By Ed Brennen
Has cryptocurrency, which lost over $2 trillion in total value this year after hitting a peak of $3 trillion last November, been exposed as a fad — or worse, a fraud? Or is digital currency, and its underlying blockchain technology, really the financial future?
Those questions were at the center of a recent debate between William Johnson, associate professor of finance in the Manning School of Business, and the recently retired Jack Wilson, president emeritus of the UMass system and former distinguished professor of higher education, emerging technologies and innovation.
Hosted by the Global Entrepreneurship Exchange (GE2) program and the Jack M. Wilson Center for Entrepreneurship, the debate drew nearly 80 students and faculty to Alumni Hall (and close to 100 more online). It was moderated by GE2 Director William Yelle.
The debate pitted student against teacher — Johnson had Wilson as a professor while pursuing an engineering degree at Rensselaer Polytechnic Institute 30 years ago.
“I’m honored to be up here with someone who’s worked so hard for this community,” said Johnson, who teaches a graduate-level course on cryptocurrency and argued in support of the technology.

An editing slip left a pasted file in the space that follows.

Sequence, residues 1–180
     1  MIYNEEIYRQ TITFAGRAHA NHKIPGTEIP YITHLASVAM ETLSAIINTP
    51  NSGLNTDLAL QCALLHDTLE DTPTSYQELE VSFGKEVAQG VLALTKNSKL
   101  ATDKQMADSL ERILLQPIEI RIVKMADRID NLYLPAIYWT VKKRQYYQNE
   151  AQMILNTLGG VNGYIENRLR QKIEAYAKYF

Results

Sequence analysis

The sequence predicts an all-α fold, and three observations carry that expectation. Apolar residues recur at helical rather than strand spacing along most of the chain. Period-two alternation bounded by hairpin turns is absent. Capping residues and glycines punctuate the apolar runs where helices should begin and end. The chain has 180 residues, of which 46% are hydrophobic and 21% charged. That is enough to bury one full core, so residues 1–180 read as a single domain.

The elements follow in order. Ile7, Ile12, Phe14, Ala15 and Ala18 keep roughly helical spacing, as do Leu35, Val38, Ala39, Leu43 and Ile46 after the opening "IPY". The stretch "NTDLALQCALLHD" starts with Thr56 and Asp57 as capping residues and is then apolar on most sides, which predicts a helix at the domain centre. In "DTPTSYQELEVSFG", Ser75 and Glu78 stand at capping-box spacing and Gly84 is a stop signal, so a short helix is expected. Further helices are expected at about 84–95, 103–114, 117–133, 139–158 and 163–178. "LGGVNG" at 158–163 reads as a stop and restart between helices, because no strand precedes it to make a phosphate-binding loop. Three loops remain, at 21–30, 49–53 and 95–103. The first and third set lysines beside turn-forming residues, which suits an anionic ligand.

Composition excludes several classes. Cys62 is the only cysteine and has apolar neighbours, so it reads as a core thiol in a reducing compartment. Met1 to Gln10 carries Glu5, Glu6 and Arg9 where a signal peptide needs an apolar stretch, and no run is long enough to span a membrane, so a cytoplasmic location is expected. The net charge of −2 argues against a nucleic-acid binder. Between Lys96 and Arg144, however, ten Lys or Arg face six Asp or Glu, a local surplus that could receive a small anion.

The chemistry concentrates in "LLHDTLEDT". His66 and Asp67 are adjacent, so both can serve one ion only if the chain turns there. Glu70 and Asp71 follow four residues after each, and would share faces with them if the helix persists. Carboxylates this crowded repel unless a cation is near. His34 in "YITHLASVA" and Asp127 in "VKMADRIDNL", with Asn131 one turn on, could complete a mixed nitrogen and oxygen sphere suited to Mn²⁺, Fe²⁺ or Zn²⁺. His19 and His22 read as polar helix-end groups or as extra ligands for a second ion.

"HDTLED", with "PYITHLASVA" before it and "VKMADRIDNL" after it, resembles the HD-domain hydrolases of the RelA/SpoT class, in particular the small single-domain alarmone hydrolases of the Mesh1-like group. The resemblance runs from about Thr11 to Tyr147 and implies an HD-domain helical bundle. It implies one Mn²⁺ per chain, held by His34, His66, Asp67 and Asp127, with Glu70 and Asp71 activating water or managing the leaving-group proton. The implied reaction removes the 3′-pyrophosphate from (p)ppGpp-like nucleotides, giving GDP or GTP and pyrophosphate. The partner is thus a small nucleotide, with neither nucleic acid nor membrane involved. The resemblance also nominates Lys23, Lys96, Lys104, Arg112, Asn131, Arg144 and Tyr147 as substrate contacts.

While acknowledging that people shouldn’t invest heavily in something as speculative as cryptocurrency (“As a small part of your portfolio, it’s fine. … I believe in diversification.”), Johnson said digital currencies do serve a purpose. Among them, he said, is the ability to quickly transfer money by sidestepping cumbersome banking networks, as well as access to financial services for people in underdeveloped areas.
“There are real problems to be solved, and they can be solved using these technologies,” he said.
Wilson countered that most cryptocurrencies are nothing more than a Ponzi scheme — a form of fraud that pays profits to early investors with funds from more recent investors, leaving the final investors with no funds left to compensate them. He cited the recent bankruptcy of crypto platform Celsius, which cost investors $5 billion, as a prime example.